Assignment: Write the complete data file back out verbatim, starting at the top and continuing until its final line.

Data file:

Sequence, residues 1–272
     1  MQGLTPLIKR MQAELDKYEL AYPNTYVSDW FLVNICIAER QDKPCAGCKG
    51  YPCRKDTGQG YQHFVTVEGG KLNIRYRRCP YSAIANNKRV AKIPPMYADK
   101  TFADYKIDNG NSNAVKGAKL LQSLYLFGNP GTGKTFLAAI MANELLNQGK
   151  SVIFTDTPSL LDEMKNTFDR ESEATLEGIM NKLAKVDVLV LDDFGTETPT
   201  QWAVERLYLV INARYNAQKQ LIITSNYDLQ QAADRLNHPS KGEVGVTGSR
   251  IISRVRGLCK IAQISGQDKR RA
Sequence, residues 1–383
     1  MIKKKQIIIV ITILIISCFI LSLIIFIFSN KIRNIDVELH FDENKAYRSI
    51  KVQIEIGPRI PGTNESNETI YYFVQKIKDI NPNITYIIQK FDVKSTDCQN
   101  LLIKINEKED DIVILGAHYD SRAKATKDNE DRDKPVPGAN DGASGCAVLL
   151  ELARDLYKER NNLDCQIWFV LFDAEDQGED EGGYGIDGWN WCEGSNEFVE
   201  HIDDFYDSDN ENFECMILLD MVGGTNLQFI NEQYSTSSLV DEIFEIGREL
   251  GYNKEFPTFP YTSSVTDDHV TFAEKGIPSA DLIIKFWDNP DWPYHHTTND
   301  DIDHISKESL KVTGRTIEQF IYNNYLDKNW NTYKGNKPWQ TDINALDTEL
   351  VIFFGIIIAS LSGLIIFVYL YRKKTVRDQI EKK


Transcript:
Sequence, residues 1–272
     1  MQGLTPLIKR MQAELDKYEL AYPNTYVSDW FLVNICIAER QDKPCAGCKG
    51  YPCRKDTGQG YQHFVTVEGG KLNIRYRRCP YSAIANNKRV AKIPPMYADK
   101  TFADYKIDNG NSNAVKGAKL LQSLYLFGNP GTGKTFLAAI MANELLNQGK
   151  SVIFTDTPSL LDEMKNTFDR ESEATLEGIM NKLAKVDVLV LDDFGTETPT
   201  QWAVERLYLV INARYNAQKQ LIITSNYDLQ QAADRLNHPS KGEVGVTGSR
   251  IISRVRGLCK IAQISGQDKR RA
Sequence, residues 1–383
     1  MIKKKQIIIV ITILIISCFI LSLIIFIFSN KIRNIDVELH FDENKAYRSI
    51  KVQIEIGPRI PGTNESNETI YYFVQKIKDI NPNITYIIQK FDVKSTDCQN
   101  LLIKINEKED DIVILGAHYD SRAKATKDNE DRDKPVPGAN DGASGCAVLL
   151  ELARDLYKER NNLDCQIWFV LFDAEDQGED EGGYGIDGWN WCEGSNEFVE
   201  HIDDFYDSDN ENFECMILLD MVGGTNLQFI NEQYSTSSLV DEIFEIGREL
   251  GYNKEFPTFP YTSSVTDDHV TFAEKGIPSA DLIIKFWDNP DWPYHHTTND
   301  DIDHISKESL KVTGRTIEQF IYNNYLDKNW NTYKGNKPWQ TDINALDTEL
   351  VIFFGIIIAS LSGLIIFVYL YRKKTVRDQI EKK